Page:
The publisher of Tartarus Press since 1990, Russell imprinted on the literary from an impressionable age. Accordingly, the early selections are empathetically forgiving when it comes to the affectations and follies of youth. His first choice, Colin Wilson’s The Outsider, could hardly be said to have been lost to obscurity, but rather acts as a displaced miniature of his own project, Wilson having collated a reading list of literary alienation in the British Museum by day while bedding down on park benches by night. Like an Ordnance Survey of existentialism, it provides Russell with his first map references.
If it’s Wilson who sets him upon his way, it’s Arthur Machen, the Welsh author and mystic, he sets upon as his North Star, the one which goes before him, illuminating each potential fork in the road. It’s a pilgrimage on which there are no cul-de-sacs, as the fuse from each passion lights that of several more. At times, the map is more literal, the topography of the towns to which he is drawn defined less by the boundaries of rivers, roads, and seas and more by the backstreets which bind its bookshops together, and the knots of affection he begins to tie with their owners, and others, with passions just like his.
For a while, these passions include a band, The Bollweevils, but their touch paper never quite combusts with the same brilliance, in spite of an interlude with Pulp violinis, Russell Senior, and it is Machen again who sets off the fireworks of his lifelong romances with Rosalie, his partner, and Tartarus, their publishing house based in North Yorkshire. Any further digressions stray less further from literature’s beaten track. A spell working for vanity publishers The Book Guild, which could have ended with Russell painting himself into a corner of cynicism, equips him instead with the tools to escape it.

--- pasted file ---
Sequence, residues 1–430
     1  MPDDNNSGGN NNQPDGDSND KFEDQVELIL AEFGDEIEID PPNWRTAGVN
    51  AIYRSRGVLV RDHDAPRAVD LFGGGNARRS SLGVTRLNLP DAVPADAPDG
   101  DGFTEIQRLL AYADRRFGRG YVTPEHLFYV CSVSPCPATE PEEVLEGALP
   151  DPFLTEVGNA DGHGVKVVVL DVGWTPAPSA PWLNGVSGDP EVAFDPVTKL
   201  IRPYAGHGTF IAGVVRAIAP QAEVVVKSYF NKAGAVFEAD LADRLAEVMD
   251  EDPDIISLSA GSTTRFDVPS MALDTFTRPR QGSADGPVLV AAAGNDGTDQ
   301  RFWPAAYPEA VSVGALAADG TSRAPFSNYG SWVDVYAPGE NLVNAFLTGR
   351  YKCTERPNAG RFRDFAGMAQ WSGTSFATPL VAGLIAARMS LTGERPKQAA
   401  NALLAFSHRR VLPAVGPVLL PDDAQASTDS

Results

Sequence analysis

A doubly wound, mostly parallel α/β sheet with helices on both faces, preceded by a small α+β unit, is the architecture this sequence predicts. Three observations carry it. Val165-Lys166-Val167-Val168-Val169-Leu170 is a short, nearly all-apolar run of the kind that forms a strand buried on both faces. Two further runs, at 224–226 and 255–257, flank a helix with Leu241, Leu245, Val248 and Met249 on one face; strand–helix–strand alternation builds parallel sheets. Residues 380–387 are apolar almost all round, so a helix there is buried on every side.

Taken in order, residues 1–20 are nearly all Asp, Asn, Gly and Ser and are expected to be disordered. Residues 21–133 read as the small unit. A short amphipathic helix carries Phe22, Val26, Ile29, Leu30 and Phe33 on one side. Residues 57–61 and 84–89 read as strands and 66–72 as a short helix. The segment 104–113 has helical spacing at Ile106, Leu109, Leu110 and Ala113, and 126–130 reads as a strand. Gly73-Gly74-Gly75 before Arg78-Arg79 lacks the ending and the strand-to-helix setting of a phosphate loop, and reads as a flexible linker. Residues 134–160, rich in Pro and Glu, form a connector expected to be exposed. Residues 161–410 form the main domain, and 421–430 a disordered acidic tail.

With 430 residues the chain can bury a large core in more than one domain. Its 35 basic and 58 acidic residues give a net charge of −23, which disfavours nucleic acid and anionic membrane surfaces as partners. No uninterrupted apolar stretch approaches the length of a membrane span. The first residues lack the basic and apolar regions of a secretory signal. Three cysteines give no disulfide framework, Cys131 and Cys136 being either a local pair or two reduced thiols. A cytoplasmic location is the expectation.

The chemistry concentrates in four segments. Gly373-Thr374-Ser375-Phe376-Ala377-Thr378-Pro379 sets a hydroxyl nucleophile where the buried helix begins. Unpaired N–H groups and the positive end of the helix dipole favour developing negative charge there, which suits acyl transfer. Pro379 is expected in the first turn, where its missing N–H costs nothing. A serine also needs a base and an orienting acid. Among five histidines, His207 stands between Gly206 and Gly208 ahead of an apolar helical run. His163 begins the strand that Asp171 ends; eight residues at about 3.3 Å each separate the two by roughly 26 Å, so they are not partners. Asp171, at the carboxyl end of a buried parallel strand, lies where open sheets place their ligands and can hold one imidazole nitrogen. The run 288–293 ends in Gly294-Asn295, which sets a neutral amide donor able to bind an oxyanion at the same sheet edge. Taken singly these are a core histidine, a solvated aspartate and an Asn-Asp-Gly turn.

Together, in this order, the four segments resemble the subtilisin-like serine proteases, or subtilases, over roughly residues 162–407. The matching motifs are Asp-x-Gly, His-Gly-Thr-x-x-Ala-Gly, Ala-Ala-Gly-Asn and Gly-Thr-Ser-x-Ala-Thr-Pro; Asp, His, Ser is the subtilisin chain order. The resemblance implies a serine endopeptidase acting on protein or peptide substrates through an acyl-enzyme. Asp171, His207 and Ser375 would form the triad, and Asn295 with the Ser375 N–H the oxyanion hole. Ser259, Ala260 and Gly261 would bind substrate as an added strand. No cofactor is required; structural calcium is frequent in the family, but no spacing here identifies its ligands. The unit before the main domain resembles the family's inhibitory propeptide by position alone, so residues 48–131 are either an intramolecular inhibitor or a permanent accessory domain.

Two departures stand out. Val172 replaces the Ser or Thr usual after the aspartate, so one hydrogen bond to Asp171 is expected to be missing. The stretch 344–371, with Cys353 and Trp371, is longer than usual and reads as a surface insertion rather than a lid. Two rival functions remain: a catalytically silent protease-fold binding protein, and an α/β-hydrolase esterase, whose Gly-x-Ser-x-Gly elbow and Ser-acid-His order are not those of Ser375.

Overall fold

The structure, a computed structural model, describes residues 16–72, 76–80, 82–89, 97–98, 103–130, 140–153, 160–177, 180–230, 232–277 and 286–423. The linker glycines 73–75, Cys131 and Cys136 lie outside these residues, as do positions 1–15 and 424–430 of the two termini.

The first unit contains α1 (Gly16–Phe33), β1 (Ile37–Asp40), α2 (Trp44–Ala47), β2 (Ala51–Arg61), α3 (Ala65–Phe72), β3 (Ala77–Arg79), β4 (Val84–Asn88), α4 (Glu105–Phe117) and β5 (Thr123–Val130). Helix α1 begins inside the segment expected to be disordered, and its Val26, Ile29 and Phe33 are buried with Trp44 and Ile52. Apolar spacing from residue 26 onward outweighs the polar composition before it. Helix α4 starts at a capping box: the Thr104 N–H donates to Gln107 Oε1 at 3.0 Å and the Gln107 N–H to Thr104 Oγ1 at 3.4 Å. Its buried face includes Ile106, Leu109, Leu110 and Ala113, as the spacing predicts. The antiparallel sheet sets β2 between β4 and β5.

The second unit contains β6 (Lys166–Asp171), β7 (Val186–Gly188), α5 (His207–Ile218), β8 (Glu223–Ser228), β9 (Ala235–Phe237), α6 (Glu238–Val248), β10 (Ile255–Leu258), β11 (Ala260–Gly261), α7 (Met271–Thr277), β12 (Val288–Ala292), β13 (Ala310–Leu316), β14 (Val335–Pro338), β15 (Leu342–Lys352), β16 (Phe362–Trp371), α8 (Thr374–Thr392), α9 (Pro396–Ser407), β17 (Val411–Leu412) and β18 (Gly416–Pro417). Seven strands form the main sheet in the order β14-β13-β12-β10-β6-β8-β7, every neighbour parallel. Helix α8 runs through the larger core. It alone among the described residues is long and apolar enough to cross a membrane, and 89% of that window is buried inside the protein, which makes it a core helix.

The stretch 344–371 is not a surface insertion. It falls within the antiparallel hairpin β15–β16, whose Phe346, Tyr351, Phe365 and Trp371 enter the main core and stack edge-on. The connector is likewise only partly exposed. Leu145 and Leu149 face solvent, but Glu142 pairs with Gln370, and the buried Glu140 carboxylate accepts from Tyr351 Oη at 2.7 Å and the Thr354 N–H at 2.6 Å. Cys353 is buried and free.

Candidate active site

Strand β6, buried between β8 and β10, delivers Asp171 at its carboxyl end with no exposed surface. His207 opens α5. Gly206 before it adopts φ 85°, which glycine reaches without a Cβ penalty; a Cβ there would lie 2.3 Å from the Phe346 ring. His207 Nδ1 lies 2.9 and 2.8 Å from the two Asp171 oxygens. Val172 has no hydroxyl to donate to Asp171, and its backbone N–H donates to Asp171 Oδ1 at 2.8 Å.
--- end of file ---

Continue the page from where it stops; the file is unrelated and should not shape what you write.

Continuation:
Somehow, in spite of the promise in Fifty Forgotten Books’ title, the specific tomes that Russell presses metaphorically into the reader’s hand seem less important than the biographical details which forge his sensibilities, leading him on from bookshop to bookshop, from one novel to another. Each is a door he leaves tantalisingly ajar, although the thresholds which seem most alluring will vary according to one’s own particular tastes. No two readers will venture into the same series of chambers, although all will find rooms to pique their personal predilections.
The suites I found myself lingering in included that containing an edition of Charles Baudelaire’s Flowers Of Evil, captivated not so much by the poetry itself but by the elegant decadence of the illustrations by Beresford Egan, succinctly summed up by Russell as “the 1920s Aubrey Beardsley”; a tribute act, to some extent, but very much in the topmost drawer of such. Likewise, I might not find myself wholly convinced by the merits of Frederick Rolfe as a writer, but it would take a dry and shrunken heart not to be curious about a character of whom it can be written, “vituperation can be reasonably considered to have been his greatest talent and crowning glory”.
Ultimately, then, Russell’s book is less an atlas and more an extended lesson in cartography, an invitation to plot one’s own course through the algorithm of kindred spirits. Much like love, to lose yourself in it is to find your way again.
Fifty Forgotten Books by R. B. Russell, published by And Other Stories, is available to purchase here.